"The home is not the one tame place in a world of adventure; it is the one wild place in a world of rules and set tasks."
G. K. Chesterton
Years ago, I spoke with a co-worker who had just returned from a week-long honeymoon with her new husband.
“So, how’s married life?” I asked.
I felt dumb for not coming up with a more eloquent or meaningful question. At the time, Katy and I were still newlyweds ourselves. We worked opposite shifts, and felt completely tortured by the fact that we could not spend every minute together. (I know, cue the violins.)
But this is why the woman’s response was such a surprise.
“Same old crap.”
I can still hear the resignation and matter-of-fact tone in her voice. I remembered that she had been living with the guy for several years, and that the marriage was more of a convenience than an expression of their devotion.
This was hard to relate to as a young, happily married guy, and twenty-eight years later, seems just as strange. One thing Katy has never been is “same old.” Katy is a surprise, and almost always a pleasant one.
I’m not sure she can say the same about me, since I tend to settle into comfortable patterns and predictable responses. But this morning’s Easter sermon brought a challenge to let God bring things to life that have been dormant, or maybe didn’t exist at all. I can’t think of anything better I could give Katy this year.
Not that this undermines the importance of reinforcing, repeating, and remembering the things that God has done in our lives. I’m just thinking that reprise and surprise can work together very nicely.
The awakenings of Spring are familiar, habitual, and similar to the year beforeand this is part of what we love about the season. But the feeling that everything is brand new is undeniable. And, in fact, things are brand neweach emerging leaf, flower, bud, and seedling had never existed until this moment in time.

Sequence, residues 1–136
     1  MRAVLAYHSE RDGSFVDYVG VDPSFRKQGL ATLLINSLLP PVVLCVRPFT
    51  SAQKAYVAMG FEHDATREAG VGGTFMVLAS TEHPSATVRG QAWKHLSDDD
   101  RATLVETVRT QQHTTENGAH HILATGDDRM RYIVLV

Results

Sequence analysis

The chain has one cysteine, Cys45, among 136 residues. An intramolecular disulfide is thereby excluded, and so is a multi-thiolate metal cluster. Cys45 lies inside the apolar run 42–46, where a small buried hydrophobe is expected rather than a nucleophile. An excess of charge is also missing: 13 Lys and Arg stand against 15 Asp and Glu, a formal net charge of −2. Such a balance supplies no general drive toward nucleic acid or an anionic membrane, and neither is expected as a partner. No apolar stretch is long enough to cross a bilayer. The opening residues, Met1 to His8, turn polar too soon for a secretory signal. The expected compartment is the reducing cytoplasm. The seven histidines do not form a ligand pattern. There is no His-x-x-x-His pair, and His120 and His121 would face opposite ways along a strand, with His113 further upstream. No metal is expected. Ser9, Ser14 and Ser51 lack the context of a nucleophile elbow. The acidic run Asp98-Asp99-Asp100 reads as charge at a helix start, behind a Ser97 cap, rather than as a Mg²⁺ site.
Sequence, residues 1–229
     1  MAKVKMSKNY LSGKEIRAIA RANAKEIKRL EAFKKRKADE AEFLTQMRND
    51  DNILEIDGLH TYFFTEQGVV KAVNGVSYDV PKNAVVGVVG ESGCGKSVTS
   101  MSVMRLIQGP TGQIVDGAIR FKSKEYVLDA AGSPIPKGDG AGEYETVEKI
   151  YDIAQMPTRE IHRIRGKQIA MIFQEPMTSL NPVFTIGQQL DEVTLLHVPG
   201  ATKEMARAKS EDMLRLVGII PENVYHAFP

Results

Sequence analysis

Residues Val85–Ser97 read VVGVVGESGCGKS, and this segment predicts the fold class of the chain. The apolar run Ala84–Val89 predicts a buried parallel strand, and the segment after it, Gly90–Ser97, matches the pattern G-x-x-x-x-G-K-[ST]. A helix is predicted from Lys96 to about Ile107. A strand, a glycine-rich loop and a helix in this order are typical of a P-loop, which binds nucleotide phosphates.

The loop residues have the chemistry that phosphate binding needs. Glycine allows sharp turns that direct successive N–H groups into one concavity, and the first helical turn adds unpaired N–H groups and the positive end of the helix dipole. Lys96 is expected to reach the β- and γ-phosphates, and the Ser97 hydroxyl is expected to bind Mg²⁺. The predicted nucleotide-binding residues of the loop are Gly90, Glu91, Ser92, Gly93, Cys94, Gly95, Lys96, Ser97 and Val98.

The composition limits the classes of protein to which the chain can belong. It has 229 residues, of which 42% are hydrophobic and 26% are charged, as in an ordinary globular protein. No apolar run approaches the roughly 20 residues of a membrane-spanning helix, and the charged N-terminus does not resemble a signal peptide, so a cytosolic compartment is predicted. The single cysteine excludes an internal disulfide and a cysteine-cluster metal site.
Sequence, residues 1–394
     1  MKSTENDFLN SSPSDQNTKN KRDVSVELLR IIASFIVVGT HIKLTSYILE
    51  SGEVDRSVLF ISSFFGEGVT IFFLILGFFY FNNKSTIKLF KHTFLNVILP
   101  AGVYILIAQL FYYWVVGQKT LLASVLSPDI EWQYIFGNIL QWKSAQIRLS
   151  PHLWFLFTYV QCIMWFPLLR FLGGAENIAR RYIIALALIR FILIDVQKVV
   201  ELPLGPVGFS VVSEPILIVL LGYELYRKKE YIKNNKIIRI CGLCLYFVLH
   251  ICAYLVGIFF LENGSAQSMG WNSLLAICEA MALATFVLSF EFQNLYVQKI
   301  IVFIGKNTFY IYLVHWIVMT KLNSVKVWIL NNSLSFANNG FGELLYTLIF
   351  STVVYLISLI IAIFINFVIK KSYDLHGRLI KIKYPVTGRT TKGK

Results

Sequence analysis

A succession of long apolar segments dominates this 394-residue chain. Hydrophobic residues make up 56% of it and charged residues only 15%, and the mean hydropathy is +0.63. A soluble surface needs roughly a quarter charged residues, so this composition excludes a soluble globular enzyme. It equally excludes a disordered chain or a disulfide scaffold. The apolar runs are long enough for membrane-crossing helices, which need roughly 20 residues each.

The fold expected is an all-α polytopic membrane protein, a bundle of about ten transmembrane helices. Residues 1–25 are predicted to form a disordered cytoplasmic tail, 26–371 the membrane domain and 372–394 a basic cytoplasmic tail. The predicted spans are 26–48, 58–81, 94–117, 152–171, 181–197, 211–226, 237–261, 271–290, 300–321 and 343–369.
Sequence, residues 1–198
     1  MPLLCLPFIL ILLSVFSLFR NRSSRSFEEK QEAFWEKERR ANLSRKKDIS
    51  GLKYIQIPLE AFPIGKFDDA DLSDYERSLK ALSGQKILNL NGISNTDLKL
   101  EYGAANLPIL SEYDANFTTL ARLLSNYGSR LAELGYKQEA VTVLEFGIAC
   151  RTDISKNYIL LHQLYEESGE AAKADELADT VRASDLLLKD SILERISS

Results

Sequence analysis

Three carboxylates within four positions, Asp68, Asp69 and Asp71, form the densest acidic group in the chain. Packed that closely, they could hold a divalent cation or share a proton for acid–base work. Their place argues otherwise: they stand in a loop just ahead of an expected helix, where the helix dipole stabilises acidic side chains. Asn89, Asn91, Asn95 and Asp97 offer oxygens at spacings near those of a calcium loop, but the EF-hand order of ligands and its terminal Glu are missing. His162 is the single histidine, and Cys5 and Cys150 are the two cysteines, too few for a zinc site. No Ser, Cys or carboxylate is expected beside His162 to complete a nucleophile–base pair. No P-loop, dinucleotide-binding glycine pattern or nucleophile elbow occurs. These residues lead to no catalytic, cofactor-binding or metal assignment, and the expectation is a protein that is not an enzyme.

After God created the world, the Bible says He rested; it doesn’t say He stopped. That’s encouraging for a guy who still has more than a few missing parts.
"If anyone is in Christ, he is a new creation; old things have passed away; behold, all things have become new."
"What is worst of all is to advocate Christianity, not because it is true, but because it might prove useful."
T. S. Eliot, The Idea of a Christian Society
For some strange reason known only to God and my mother, at the age of ten, I was given the job of being the chief mashed-potato maker in our home. I might have interpreted this honor as recognition of my knack for the culinary arts if it wasn't for the fact that we are talking about instant mashed-potatoes here. Flakes, water, butter, and salt. Not a likely start to a hit series on the Food channel.
While other kids were getting, "Johnny can throw harder than anybody on the team," or, "Allison was born to play piano," I got, "Nobody makes mashed-potatoes quite like Dougie."
It was years before I understood the method in mom's flattery, and I don't blame her for using whatever strategy worked to get some needed help from a very unmotivated kid. But being valued for one's usefulness definitely had more benefit for the value-er than for the value-ee.
If assigning usefulness to another person seems selfish, what happens when we do the same thing with God? How do I use thee, God? Let me count the ways...
Getting my way. Impressing my friends. Enhancing my reputation. Getting out of a jam.
It's human nature to want my way, so recruiting God for that purpose has an certain logic, and a sneaky way of seeming right. It's that fact that makes what Jesus did on Good Friday all the more amazing.
"Your attitude should be the same as that of Christ Jesus: Who, being in very nature God, did not consider equality with God something to be grasped, but made himself nothing, taking the very nature of a servant, being made in human likeness. And being found in appearance as a man, he humbled himself and became obedient to death–even death on a cross!" Philipians 2:5–8
God help this flake get out of his box and be a real servant for You.
Kevin is attending two colleges this yearJohnson County Community College (which, according to Kevin, is cool) and Longview Community College (which, according to Kevin, sucks). This perspective is due to the fact that we live just inches over the state line in Missouri (which, according to Kevin, sucks), and most of Kevin's friends live on the Kansas side (which, according to Kevin, is cool).
When Kevin brought up his interest in photography again, I suggested that he should consider taking a photography class next semester.
"I don't think so," Kevin said. "I'd have to do it at Longview to get the in-state tuition, and Longview sucks."
"You're saying you would abandon something you really enjoy, jeopardize your future career opportunities, and give up a lifetime goal just because you don't like the campus?"
"Oh Dad, that's so lame."
If only I hadn't avoided that debate class because the other kids weren't cool, I'm sure I would have had a snappy comeback.
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